How Student And Parent Assets Affect Financial Aid

College graduate with her parents.

Flickr user Joan Nova

Applying for financial aid towards college tuition starts with submitting the Free Application for Federal Student Aid (FAFSA). When filling in details of the family’s finances on the FAFSA, all assets owned by parents and dependent students must be reported separately. This is because the parent’s assets and the student’s assets are evaluated differently.

Here’s a basic breakdown of how student and parent assets are assessed and how they affect your financial aid package.

Student Assets

Colleges expect that up to 20% of the assets owned by a dependent student will be used toward college expenses. This is regardless of the source of the funds. Assets funded by other people’s money are still counted for the purpose of calculating financial aid eligibility.

Your Student Loan, Your Way.

Variable rates from 3.98% - 11.99% APR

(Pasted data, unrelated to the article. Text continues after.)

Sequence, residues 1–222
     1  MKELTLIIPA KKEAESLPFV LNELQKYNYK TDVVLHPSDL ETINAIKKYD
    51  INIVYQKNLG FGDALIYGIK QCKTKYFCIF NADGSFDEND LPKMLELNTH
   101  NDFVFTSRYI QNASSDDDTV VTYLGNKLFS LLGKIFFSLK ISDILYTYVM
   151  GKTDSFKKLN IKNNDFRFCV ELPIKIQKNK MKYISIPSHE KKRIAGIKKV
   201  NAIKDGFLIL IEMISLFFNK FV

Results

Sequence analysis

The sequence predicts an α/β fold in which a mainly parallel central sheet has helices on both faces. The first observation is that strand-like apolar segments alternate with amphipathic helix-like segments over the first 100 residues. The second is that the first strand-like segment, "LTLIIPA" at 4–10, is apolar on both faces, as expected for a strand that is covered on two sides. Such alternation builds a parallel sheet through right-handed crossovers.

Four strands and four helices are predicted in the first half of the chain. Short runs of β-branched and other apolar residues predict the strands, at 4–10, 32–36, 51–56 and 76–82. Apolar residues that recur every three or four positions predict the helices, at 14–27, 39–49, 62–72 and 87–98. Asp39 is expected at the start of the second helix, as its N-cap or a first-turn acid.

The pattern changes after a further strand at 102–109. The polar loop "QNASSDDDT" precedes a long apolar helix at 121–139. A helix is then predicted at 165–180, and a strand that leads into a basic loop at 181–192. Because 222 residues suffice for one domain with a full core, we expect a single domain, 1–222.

Parent Assets

Parents are expected to use up to 5.64% of their unprotected assets to cover part of their child’s college expenses. Parents’ unprotected assets include balances in savings, checking and brokerage accounts, investment real estate other than the primary home, 529 college savings, ETFs, and mutual funds.

The parent’s protected assets are not counted when calculating financial aida eligibility.

As you can see, in general, the student’s financial assets have a far greater impact on financial aid eligibility as compared to the parent’s financial assets.

Use College Raptor’s new Student Loan Finder to discover personalized loan options. Compare lenders and interest rates to find the ideal student loan—for FREE!